Yes, yes you do. You need a status page. No doubt about it.
If your company has and API or a service that developers and customers consume you need to be able to give them an easy to find website where they can view the status of your system. If you don’t, you’re failing as a company. You’re failing to provide the proper service to your customers and developers.
What do I mean by that?
Simple. How the heck do I know if your servers, databases, etc are up and running properly? For example – If my API requests to your cloud endpoints stop working, or my SDK to your system just stops. Is it my local environment or is it yours? What if is your system? What if your database is down and the service I’m using goes down with it? How can I get notification updates? How do I know what’s wrong? I’m a paying customer or developer for your system – I rely on your system and I feel I deserve to know what’s going on. I’m not alone, most other developers feel the same way.
As a company, I’m sure some of you are thinking “Well, we will just update our twitter account.”
Twitter updates suck. They work, but very few people immediately think “Wow, my app is broken and can’t connect to ABC Companies API. I should look at their Twitter stream.” Pfft. Yeah. Right. Emailing support sucks too, and for that matter, anything that cannot quickly provide a snapshot of your system status system sucks too. What most developers end up doing is looking for a status page of some sort.
When GitHub goes down. How do I know? It stops working. What do I do then? I go to status.github.com – wow, problem solved – I realize they’re down. If not, well, then I have more troubleshooting to do. Maybe it is my system, maybe its my DNS, who knows, but at least I know that the problem is not on your side!
When Gmail or Google Docs goes down how do I know? Simple. I go to google.com/appstatus. If something is wrong, an icon will be present in the matrix of apps and I’ll know if what I’m using is broken. This helps me identify if my connection or system is acting wonky vs their system.
So, how do you go about setting up a status page?
There are quite a few services out there and open source options too. I advise the hosted solutions as they’re the easiest to get rolling with. But first let’s handle this nonsense –
But I want to build it myself and host it myself!
Sure, you can build your own but it’s a major pain in the rear and I don’t advise it. Inventing everything yourself is a sure fire sign that you and/or your company suffer from NIH Syndrome. If something costs $100 a month and your time is worth $100/hr (trust me, it is) then if you cannot build it, maintain it, update it, etc for less than 1 hour a month with all the same features of the solution you’re evaluating, well … you’re losing money and you will have made a very poor business decision.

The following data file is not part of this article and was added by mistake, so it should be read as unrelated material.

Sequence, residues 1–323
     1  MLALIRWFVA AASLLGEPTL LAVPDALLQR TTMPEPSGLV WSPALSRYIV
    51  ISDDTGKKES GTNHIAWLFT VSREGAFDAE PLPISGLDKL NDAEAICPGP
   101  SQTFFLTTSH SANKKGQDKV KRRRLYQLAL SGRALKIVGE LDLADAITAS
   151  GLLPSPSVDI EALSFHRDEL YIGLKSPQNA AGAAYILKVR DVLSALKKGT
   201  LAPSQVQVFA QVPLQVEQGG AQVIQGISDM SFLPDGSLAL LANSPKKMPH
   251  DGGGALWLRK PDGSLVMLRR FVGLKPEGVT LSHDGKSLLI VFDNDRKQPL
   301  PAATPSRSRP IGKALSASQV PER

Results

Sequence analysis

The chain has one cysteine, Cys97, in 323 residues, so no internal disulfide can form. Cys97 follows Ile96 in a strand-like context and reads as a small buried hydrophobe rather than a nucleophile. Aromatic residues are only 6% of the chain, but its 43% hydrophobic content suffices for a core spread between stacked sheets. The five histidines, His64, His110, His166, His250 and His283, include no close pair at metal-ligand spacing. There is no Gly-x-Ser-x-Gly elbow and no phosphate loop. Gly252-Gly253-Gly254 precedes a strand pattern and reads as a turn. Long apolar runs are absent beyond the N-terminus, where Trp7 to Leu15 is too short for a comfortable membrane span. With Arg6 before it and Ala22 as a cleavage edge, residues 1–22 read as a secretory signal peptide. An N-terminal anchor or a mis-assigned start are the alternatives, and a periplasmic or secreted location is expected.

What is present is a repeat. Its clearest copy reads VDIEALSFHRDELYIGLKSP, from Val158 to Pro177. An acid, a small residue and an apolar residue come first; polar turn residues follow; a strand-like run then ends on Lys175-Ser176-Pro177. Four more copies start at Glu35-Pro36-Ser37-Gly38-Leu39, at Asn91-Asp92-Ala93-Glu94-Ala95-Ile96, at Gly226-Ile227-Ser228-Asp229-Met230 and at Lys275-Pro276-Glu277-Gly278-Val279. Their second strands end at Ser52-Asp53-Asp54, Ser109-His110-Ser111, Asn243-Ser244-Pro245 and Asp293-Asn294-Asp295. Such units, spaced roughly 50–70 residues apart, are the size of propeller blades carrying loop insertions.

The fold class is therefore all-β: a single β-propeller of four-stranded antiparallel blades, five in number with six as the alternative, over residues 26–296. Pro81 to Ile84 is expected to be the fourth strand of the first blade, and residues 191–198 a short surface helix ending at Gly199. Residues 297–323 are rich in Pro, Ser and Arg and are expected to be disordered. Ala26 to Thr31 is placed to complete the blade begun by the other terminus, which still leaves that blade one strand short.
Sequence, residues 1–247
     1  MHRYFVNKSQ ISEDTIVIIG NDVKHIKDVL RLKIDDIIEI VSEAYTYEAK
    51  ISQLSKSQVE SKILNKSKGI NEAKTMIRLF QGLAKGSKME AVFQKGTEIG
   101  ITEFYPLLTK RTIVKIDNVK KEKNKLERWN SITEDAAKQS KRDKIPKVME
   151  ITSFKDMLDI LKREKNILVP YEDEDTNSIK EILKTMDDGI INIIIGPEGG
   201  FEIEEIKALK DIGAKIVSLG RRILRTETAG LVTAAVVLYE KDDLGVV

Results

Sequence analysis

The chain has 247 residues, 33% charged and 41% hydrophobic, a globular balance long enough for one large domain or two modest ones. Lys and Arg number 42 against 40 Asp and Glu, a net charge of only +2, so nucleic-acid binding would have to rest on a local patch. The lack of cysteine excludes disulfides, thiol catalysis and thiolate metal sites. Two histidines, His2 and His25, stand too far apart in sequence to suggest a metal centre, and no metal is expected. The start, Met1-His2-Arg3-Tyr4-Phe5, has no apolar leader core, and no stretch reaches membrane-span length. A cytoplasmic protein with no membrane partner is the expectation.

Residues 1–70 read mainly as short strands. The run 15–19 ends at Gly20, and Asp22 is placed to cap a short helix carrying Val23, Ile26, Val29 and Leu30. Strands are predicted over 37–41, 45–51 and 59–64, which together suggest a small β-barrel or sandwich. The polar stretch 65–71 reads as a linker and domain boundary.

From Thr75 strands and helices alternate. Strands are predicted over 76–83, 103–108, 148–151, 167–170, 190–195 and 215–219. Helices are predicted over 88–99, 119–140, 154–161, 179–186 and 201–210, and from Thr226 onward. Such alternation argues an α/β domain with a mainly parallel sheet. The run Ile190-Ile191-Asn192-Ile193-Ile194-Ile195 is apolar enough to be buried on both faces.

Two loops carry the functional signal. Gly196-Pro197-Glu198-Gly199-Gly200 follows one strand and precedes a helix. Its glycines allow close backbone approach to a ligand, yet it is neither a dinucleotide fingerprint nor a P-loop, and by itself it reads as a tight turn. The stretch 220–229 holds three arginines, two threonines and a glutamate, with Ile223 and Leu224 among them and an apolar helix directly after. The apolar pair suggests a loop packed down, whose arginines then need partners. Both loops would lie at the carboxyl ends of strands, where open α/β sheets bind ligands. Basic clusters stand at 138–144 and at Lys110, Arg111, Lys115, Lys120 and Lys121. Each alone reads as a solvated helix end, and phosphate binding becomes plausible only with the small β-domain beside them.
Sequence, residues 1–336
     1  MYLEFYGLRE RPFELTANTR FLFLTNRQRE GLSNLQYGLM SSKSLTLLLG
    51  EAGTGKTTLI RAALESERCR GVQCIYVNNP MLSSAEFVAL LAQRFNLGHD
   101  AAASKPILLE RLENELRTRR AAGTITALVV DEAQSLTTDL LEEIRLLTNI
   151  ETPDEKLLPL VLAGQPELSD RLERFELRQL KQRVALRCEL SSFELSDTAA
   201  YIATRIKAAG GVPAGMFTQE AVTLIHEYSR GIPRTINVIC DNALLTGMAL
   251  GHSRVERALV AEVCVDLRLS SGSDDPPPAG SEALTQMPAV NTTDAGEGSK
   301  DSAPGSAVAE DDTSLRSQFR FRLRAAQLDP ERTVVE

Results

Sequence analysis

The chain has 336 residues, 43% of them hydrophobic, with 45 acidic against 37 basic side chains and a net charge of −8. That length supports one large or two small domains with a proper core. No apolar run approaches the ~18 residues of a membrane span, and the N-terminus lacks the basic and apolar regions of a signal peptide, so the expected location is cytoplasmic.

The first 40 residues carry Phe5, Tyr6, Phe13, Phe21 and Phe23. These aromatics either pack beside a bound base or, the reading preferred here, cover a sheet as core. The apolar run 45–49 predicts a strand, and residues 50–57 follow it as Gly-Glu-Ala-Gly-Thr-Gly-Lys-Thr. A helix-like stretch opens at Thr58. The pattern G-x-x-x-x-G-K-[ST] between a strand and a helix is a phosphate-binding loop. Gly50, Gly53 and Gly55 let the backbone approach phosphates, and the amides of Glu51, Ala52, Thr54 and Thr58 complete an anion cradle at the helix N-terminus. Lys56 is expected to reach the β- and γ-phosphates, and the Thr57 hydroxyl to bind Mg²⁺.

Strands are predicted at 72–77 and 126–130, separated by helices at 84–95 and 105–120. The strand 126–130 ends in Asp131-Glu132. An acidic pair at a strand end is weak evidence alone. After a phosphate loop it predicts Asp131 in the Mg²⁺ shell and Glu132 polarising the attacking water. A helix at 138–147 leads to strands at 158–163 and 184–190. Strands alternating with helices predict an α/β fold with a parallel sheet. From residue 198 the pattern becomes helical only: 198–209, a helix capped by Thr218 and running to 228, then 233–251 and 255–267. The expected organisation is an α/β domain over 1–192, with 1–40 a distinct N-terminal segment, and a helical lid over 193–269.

So let’s consider the “NIH” option as irrational and let’s get reasonable here.
Ok, I’m not going to build one. How do I set one up quickly?
We have a couple of hosted options I prefer and one open source option I like too. Let’s chat about the hosted solutions.
Companies like Docker and Runscope (as well as many other companies) need a service that they can use to easily relay information to their developers and customers about the status of their system. Both of these companies use different tools, but either is fine.
Example – Dockers Status Page
Docker (a super awesome container company) has a status page located status.docker.com which shows you the current status of the Docker APIs, Forums, Website, etc. You can see the API resonse times, uptimes, you name it. All of this is powered by Status.io – a very good status page hosting company. Sign up here.
Example – Runscopes Status Page
Runscope (an API Monitoring and Testing company) has a status page located as status.runscope.com. StatusPage.IO is packed full of features and is very similar to Status.IO and used by many as well. Sign up here.
Example – Cachets Status Page
For those either hellbent on hosting it themselves or for those who are stuck inside of an enterprise conundrum, this might be a good option for you. I suggest forking the GitHub repo, then making changes in in that repo so you can easily merge in upstream changes at a later time. Download it here.
Which One Do I prefer?
Good question. Definitely not Cachet unless that is your only option due to some corporate mandate you have to deal with.
Personally the feature set and price point of Status.IO is perfect for me. If I were to recommend anyone to use one it would be them.
Start Now and Become a Better Service Provider
Simply sign up to either of these hosted services, plug in the various components that need to be monitored (both sites have good docs) and then point your DNS to status.yourdomain.com. Please note, status.yourdomain.com is the typical status page domain that developers will attempt first. Some support experts advocate having another domain such as – yourcompanystatus.com which hosts your status page in case your DNS provider takes a nose dive too (so you’ll need another DNS provider for that new status domain – if you go down that route). I’ll leave that choice up to you.
Just having a status page alone puts you ahead of your competition ten fold and makes your company more developer friendly, respectful and professional.
* API Uptime Tip: On the same topic of uptime, Runscope offers tools to help notify you when your own API (or API’s you rely on) start acting up. It’s a service I’ve personally recommended to many of my clients who have an API presence and is worth every penny in my mind (no, I was not paid to say this. John, the CEO, is a personal friend of mine and I truly believe in the product).